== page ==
• Software Developer at ABC Corp (2017-2022)
  • Marketing Manager at XYZ Inc. (2014-2017)

Using a professional title on a resume

In the resume header

If you prefer the less common method of not using a target title on your resume, you could instead include a resume header or resume headline. A suitable place for this is just below your contact information. It serves as a brief highlight of who you are as a professional, which might be broader than any specific job title you've held. 

For example, if you've had several roles in digital marketing—like SEO specialist, content strategist, and social media manager—you might add a professional title on your resume like "Digital Marketing Professional."

When crafting an effective crafting an effective resume headline, be sure to try Teal’s generative AI to help you beat the blank page and write more compelling headers! 

When your job title isn't widely recognized

Suppose your previous job title is unique to your organization and not widely recognized or understood in your industry. In that case, you might use a more standard professional title that better conveys your role and responsibilities to potential employers.

For freelancers or consultants

If you work in various roles or for multiple clients simultaneously, a professional title can better capture the breadth of your work. For example, if you're a freelance graphic designer, website developer, and content creator, a professional title like "Digital Creative Professional" could be more appropriate.

The objective of a resume is to present your skills, experience, and qualifications in the most relevant and digestible way for the hiring manager or recruiter. 

So whether you use a job title or professional title, the key is to ensure it aligns with the roles you're applying for and provides a clear snapshot of your professional persona.

Optimize your job title with Teal

Job titles matter more than you might think, especially in today’s competitive market. They aren't just labels; they can be powerful tools to distinguish your professional journey, showcasing the unique skills, knowledge, and experience you bring to the table.

If you're looking to level up your job-search game and enhance your resume, Teal has got you covered. By pulling out the right keywords, Teal transforms your resume into a recruiter magnet, ensuring your skills and experiences get the recognition they deserve.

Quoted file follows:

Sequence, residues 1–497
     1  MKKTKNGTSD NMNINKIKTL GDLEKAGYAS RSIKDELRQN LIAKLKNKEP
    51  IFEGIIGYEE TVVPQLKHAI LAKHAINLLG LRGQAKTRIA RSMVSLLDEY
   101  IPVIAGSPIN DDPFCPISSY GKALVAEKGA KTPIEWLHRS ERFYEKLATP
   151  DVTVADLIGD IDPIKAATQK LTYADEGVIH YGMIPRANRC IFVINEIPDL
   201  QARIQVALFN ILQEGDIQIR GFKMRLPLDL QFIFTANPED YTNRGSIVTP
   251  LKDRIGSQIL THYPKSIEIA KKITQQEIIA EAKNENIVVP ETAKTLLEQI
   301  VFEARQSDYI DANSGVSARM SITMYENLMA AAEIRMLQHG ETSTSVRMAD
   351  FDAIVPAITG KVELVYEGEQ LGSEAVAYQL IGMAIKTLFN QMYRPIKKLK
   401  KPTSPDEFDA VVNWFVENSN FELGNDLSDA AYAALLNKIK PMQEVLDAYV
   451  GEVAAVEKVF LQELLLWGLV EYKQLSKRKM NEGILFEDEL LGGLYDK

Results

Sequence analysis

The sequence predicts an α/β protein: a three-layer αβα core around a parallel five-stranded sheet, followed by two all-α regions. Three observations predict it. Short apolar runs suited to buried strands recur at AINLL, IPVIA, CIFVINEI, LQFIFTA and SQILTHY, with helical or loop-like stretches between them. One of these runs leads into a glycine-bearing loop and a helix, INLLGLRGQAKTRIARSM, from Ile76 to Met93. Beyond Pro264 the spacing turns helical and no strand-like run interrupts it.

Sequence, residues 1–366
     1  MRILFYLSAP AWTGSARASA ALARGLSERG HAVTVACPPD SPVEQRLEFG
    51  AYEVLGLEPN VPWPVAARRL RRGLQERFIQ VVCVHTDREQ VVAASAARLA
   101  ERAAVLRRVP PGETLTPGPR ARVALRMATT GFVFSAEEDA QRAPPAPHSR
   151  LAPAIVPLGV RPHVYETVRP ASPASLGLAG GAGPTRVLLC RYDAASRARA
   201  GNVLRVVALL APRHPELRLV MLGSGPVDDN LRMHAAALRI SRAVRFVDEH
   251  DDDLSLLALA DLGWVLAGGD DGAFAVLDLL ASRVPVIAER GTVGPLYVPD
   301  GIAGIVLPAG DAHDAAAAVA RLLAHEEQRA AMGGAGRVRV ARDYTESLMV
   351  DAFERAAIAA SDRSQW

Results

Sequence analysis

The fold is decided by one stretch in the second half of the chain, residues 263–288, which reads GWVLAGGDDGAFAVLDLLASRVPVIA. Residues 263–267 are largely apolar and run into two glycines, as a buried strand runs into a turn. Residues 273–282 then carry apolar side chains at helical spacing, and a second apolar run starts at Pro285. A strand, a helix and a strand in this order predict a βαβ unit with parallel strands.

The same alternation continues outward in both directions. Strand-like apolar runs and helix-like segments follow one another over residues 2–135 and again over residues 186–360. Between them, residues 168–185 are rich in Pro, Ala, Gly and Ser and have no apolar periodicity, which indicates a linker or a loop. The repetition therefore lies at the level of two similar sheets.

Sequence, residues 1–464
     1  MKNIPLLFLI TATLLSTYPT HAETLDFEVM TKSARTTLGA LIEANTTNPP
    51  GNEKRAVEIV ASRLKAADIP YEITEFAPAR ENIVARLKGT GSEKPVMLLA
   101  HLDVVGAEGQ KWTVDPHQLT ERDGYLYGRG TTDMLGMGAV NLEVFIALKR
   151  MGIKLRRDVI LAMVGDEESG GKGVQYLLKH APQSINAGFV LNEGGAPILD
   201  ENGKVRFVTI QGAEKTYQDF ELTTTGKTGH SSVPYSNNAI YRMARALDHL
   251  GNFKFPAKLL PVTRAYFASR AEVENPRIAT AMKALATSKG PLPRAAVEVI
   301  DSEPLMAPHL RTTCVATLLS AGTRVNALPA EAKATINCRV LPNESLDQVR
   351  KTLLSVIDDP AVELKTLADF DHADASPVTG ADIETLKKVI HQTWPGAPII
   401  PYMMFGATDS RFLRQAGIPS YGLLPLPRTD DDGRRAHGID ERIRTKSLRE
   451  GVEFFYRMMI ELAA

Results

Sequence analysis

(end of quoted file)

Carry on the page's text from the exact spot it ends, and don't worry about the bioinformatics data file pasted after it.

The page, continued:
And you don’t need to worry about the cumbersome formatting issues of Google docs, because Teal has designed a seamless, user-friendly interface to streamline your resume creation process. 

In other words, crafting a standout resume has never been easier.

With Teal, you're not just selecting a job title; you're choosing a clear path to your dream job. If you're ready to embrace your potential and redefine your professional narrative, then it's time to take the next step with Teal

After all, the right job title can open doors—but the right platform can help you stride through them with confidence.

Frequently Asked Questions

How do I choose the most accurate job title for my resume when my role encompasses multiple functions?

When your role includes a variety of responsibilities, it's important to select a job title that reflects your primary function or the aspect of your work that is most relevant to the position you're applying for. Consider the industry-standard titles and align your title with the one that matches the core of your expertise and the job listing you're targeting. If in doubt, a general title that covers multiple functions, such as 'Operations Specialist' or 'Marketing Professional', may be appropriate.

Can I modify my official job title on my resume to better reflect the work I actually do?

Yes, you can modify your job title on your resume as long as the new title accurately represents your responsibilities and expertise. The goal is to provide clarity to potential employers. However, ensure that the title is recognizable in the industry and doesn't inflate your position. It's also advisable to be prepared to explain the reason for the change during an interview.

Is it acceptable to use a job title on my resume that I'm targeting in my job search, even if I haven't held that exact title before?

It's not recommended to list a job title you haven't held on your resume as it can be misleading to employers. Instead, focus on tailoring your resume to highlight the skills and experiences that qualify you for the target job title. Use a current or past title that closely aligns with the position you're seeking and clearly demonstrate your readiness for the next step in your career progression through your accomplishments and skill set.

Nathan Thompson

Nathan is a professional content marketer who's been lucky enough to write for some of the best SaaS brands on the planet, including Twilio, Trello, OptinMonster, TrustPulse, and more. When he's not obsessing over performance metrics, Nathan spends most of his time wrestling around with his kids.